With Barack Obama demanding yet more prime-time television attention this week with a joint address to Congress on health-care reform, one might have expected the President to use his weekly address to set the stage for the speech. Instead, Obama delivered a proposal for retirement savings that seems practically designed to avoid controversy. Has Obama’s health-care push run out of gas?
Among the changes are expanded access to 401k plans, small tax policy changes and a pledge to let workers convert vacation days into retirement savings.
The president framed the new policies as a response to the recession.
“I’ve heard from so many who’ve had to put off retirement, or come out of retirement, to make ends meet,” Obama said in his weekly address.
But the president also suggested that the recession should be a wake-up call to structurally change the American economy.
Even before the recession, Obama argued, Americans saved too little and borrowed too much.
If that’s true — and it is — then Obama himself has become part of the problem. The FHA is about to get into deep, deep trouble over their low-cost loans to marginal borrowers as a means of blunting the deflation of the housing bubble. The Cash for Clunkers program encouraged Americans to sink deeper into debt by ridding themselves of cars they fully owned in favor of big loans to buy new vehicles. Obama is hardly alone in this, but he joins a series of Beltway scolds that wag their fingers at American personal debt while pushing programs favoring constituencies that rely on it.
Otherwise, Obama’s proposals seem almost timid. No one will object to adjusting tax laws to allow for greater 401K participation, especially for using tax refunds to bolster savings accounts. Automatic enrollment for small businesses will help them compete against larger corporations in the labor market. Obama pushed for mandates on businesses to create retirement accounts for their employees, which will run into resistance in Congress, but pointedly did not include such mandates in his proposal.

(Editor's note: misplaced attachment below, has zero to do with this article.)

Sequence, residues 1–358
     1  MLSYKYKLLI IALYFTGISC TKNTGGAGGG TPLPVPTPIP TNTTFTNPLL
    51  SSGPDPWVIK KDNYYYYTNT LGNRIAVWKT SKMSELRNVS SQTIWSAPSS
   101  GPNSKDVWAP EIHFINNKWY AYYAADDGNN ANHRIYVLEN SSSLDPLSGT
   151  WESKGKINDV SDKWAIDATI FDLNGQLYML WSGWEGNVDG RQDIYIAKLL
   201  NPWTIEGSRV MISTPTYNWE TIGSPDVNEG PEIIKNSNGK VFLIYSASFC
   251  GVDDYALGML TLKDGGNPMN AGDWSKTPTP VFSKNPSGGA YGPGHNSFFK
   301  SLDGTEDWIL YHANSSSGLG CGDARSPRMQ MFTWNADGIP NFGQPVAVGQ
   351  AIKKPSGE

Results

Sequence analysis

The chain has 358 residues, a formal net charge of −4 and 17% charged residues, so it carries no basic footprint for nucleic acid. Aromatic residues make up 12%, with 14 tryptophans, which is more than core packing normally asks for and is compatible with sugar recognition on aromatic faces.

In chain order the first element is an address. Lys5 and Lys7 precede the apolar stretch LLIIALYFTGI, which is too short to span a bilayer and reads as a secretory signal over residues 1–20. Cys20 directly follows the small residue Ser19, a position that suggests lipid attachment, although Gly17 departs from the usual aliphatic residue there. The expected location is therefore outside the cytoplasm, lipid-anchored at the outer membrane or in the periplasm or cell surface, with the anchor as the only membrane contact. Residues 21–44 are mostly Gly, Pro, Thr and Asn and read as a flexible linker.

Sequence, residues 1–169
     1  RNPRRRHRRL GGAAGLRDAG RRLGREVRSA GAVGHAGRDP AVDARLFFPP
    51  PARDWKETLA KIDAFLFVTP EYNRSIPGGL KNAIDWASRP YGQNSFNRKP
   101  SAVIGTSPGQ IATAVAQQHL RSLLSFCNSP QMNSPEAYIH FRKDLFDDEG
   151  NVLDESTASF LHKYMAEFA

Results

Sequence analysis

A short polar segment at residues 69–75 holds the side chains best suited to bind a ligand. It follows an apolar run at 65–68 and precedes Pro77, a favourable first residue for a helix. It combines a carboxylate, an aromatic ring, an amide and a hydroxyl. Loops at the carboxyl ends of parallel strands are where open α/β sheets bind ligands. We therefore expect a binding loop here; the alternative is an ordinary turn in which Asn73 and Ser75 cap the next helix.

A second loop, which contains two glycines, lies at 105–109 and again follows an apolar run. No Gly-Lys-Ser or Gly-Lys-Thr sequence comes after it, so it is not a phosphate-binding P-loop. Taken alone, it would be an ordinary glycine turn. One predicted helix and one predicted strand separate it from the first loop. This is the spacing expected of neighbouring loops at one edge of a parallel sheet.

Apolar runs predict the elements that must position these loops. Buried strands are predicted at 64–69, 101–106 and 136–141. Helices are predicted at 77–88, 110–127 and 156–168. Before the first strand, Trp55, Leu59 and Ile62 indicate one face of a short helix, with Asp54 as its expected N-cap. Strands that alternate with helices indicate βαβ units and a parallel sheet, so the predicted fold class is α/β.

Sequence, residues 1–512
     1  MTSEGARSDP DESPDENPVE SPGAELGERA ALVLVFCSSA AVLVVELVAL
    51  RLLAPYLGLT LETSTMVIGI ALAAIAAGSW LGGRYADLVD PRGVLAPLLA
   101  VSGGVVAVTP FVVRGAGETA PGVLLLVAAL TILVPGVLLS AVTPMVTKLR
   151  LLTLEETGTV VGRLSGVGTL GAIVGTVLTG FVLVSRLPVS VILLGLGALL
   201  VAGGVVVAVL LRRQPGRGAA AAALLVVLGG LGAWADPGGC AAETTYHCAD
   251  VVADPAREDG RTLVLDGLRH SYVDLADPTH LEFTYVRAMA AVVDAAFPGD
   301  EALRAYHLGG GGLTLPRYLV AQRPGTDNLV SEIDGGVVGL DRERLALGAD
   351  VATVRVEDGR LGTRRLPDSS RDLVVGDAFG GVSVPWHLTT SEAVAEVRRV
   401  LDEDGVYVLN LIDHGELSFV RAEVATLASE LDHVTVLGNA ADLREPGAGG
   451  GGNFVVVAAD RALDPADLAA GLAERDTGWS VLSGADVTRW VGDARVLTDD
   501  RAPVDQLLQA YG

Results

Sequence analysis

Obama appears to want a way to ride out the end of summer without taking any more of a bruising. Why else would Obama suddenly shift gears to a proposal that hardly needs a weekly address to sail through Congress? He certainly doesn’t need grass-roots support for such a proposal. Obama offered it in order to rebuild, in some small way, his credibility as a moderate who isn’t interested in government takeovers — just a few days before he faces the nation on the government overhaul of the private health-care industry.
My representative, John Kline (R-MN), stuck to the main topic in the Republican rebuttal:
Lawmakers should scrap the current healthcare bill and start over, Rep. John Kline (R-Minn.) said Saturday. …
“It’s not too late to start over,” Kline urged in the weekly Republican address. “It’s not too late to do better.”
And as Congress reconvenes from a month of town hall protests, Kline said Americans were right to be upset at the prospect of Democratic reform. …
“Democrats have crafted this legislation behind closed doors, creating a partisan blueprint that – at last count – clocked in at more than 1,000 pages. It’s complicated, it’s convoluted, and it’s quite simply not going to work,” he said.
Kline does a good job of hammering Democrats on both substance and process. American voters have become suspicious of both, especially attempts by both Obama and Pelosi to jam such a huge undertaking through Congress in a few short days. Tactically, this was a tremendous mistake, as it piqued curiosity and distrust about the bill and got people reading it.
Contrast that with Obama’s retreat from the subject today. Five weeks ago, it was the most critical issue facing this country, and Obama argued that even a few day’s delay would be disastrous for the nation. Today, it has become so unimportant that Obama decided to talk about retirement accounts instead. That’s a huge climbdown from the end of July, and a big indication that the administration wants to extricate itself from the debacle in any way it can.